Saturday, November 2, 2013

Instructions to the Church # V

"Keep From the Love of Money."

 Bishop Eric Menees
We continue with our study of Hebrew's 13 and God's instructions to the church.  So far, we've looked at the need for the church to: Continue in Brotherly Love (13:1), Show hospitality to strangers (13:2), Remember those in prison (13:3), and Honor Marriage (13:4). This morning we continue with a scriptural imperative: Keep from the Love of Money (13:5-6).  

"Keep your life free from love of money, and be content with what you have, for he has said, “I will never leave you nor forsake you.” 6 So we can confidently say, “The Lord is my helper; I will not fear; what can man do to me?” (Hebrews 13:5-6)

I write this Bishop’s Note from Nairobi, Kenya where I have been meeting with Anglican Leaders from around the world at the Global Anglican Future Conference (GAFCON) 2. There are 331 Bishops and Archbishops, and we've been meeting in a separate workshop on Leadership. I have been so very struck by the constant refrain from bishops in the Global South that the Love of Money is as difficult a burden and as great a sin in their churches as it is in the wealthy West and North. I should not be surprised since St. Paul warned his apprentice Timothy that, "For the love of money is a root of all kinds of evils. It is through this craving that some have wandered away from the faith and pierced themselves with many pangs." (1 Timothy 6:10) And Jesus himself was quick to point out that "You cannot serve God and money" (Mt. 6:24)

St. Paul was clear to say that money is not evil, but the Love of Money is a root for evil.  As Christians, we are called to be countering culture and not be in love with money or the power that comes with it. The love of money makes us fearful - believing that we will not have enough - and that hurts our stewardship. There is no question that if everyone in our congregations followed the biblical principle and tithed 10% of their income, then there would never be a question about being able to provide for the poor, the children, our outreach programs, or providing for our clergy. That fear is what Satan exploits in us when that little voice in our head says "there is no way you can do great giving 2% - that's a heck of a lot better than the other people are doing."

When Florence and I were first married, I struggled with this. I was making $1,800 a month before taxes, Florence was a full-time student and not working, and I wondered how we would make ends meet. When it came time to fill out our pledge card, I put down $100 a month. Florence looked at that and asked if that was a tithe (knowing full well it wasn't). I said, "Well no, but with our bills how can we make it if I add another $80 a month to the church?" She responded that God would be faithful, and that, if we were obedient to God and returned to him, we'd be fine. Well, my wife was absolutely correct. Since 1990, we have given 10% of our income to the church, and more beyond that to outside organizations. In that time, we've never hurt, never been without, and  - most importantly - we’ve learned to be content with what God has provided us as individuals and as a family.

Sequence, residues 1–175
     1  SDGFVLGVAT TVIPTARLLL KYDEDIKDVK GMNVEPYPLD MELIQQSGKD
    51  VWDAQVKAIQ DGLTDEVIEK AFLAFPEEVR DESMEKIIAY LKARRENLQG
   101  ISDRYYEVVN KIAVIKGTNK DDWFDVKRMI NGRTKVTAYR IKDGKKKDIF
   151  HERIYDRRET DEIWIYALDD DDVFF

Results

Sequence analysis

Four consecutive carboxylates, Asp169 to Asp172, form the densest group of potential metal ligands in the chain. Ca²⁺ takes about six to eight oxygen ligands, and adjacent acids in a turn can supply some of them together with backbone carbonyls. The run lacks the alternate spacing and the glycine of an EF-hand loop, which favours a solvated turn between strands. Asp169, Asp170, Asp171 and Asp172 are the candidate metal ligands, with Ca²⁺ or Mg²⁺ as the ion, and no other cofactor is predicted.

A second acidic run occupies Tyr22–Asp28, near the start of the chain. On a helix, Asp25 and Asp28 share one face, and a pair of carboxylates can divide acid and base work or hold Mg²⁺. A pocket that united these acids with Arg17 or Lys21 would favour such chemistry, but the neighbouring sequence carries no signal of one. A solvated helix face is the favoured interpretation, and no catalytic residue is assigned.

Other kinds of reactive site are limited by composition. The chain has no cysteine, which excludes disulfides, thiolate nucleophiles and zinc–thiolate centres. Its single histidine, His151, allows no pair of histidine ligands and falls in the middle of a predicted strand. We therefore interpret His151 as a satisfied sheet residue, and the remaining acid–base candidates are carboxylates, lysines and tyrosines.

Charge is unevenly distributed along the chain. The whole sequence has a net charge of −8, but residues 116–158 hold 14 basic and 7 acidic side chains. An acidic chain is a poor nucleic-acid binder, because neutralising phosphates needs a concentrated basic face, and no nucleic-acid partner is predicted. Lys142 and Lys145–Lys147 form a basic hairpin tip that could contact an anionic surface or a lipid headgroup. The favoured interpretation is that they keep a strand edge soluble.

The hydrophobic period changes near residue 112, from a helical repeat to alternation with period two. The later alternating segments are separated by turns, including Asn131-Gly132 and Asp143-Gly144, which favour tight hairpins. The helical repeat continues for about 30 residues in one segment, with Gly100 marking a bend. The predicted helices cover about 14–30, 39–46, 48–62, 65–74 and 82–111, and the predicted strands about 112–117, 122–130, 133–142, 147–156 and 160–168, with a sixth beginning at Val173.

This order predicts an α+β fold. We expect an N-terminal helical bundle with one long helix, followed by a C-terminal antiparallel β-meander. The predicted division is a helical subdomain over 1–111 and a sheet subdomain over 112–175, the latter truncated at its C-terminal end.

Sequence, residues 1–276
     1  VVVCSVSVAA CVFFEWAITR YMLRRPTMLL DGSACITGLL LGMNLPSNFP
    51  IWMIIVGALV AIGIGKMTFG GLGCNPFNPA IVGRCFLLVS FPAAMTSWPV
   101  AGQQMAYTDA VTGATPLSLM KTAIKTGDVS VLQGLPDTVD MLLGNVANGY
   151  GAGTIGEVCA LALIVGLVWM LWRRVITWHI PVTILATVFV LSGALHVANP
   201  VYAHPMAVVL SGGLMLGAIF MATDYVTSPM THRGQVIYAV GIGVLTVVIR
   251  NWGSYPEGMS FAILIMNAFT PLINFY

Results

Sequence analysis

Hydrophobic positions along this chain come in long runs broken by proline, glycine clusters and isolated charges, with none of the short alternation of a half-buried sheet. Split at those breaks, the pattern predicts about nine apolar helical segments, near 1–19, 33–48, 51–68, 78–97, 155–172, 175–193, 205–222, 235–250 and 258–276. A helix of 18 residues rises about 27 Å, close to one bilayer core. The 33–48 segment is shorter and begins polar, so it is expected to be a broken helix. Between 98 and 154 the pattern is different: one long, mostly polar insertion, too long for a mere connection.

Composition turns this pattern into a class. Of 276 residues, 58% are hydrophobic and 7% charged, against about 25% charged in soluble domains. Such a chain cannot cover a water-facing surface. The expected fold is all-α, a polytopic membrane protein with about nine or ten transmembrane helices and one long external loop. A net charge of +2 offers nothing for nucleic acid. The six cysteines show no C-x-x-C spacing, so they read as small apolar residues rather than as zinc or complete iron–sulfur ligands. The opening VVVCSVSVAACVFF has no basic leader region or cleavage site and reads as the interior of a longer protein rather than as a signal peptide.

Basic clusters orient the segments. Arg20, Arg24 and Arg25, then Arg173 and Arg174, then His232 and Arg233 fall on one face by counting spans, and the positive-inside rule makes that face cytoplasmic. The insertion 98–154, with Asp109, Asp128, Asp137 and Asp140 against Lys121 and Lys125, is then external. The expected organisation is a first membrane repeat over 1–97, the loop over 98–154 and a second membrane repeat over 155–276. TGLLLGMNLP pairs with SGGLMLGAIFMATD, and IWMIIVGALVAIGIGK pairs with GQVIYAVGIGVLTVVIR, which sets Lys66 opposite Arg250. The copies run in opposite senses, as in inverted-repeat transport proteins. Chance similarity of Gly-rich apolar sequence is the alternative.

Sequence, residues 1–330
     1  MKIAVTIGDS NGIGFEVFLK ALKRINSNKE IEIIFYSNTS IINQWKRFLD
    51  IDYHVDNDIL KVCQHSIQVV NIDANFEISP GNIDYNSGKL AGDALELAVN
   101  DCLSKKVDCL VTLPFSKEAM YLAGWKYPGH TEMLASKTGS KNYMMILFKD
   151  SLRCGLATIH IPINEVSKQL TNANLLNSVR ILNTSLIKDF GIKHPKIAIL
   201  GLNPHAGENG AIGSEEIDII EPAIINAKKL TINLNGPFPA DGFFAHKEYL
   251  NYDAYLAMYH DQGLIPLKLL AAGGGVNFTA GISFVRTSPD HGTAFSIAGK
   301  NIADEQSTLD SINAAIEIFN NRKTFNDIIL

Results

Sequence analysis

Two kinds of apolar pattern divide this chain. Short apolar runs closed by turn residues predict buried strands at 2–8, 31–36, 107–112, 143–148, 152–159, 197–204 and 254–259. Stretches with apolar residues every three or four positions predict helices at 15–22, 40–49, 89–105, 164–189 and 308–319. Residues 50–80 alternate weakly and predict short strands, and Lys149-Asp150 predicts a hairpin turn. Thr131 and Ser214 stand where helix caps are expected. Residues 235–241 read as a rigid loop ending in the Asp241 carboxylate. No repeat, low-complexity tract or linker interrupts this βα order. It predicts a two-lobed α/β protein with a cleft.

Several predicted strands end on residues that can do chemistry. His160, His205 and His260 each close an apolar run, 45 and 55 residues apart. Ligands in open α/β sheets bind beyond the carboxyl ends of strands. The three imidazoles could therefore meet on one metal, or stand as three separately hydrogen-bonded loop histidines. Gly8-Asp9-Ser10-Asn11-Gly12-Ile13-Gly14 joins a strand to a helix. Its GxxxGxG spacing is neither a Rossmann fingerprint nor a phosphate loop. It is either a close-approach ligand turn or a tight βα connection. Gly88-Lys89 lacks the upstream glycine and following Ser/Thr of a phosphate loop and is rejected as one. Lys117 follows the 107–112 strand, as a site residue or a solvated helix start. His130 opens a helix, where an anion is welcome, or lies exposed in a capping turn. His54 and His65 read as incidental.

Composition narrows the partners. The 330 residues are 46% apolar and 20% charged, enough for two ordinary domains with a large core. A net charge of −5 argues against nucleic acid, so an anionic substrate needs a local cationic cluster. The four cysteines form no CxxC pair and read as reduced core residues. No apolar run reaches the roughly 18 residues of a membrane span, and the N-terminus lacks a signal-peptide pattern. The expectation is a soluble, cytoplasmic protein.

How tragic and beautiful it has been here at GAFCON, to hear Bishops speak of the incredible pressures that they are under and the temptations that they receive from the liberal churches in the US and England to accept money to assist their diocese, but in accepting that money the strings of supporting a false gospel are attached. Likewise, how inspiring it has been to hear how they have remained faithful to Christ and rejected those offers. One bishop from Tanzania told my small group that he had been tempted, but that he believed in Jesus' promise that God's desire is to provide for his children all their needs (Mt. 6:25-34). While they rejected that support, God has provided for them, their diocese has grown, they've built a Cathedral and Diocesan Center, and built 14 Churches in the last 7 years. When I heard of his faith and God's provision, I was humbled at the times I have worried for the diocese and myself.  

These African Bishops have learned, as have Florence and I, that God is good and faithful - that he desires to give to his children, always providing for our needs, though not necessarily for our wants. The problem is that we confuse our needs and our wants.

In our own diocese, we have seen demonstrated again and again that we have a faithful God who provides. We stepped out in obedience and separated from the Episcopal Church (Ephesians 5:7), and we have now come very close to raising the needed funds for our trial. In the mean time, it has been rough with our monies frozen, but we've learned to be content with what we have and to trust in The Lord! And to that I say AMEN!

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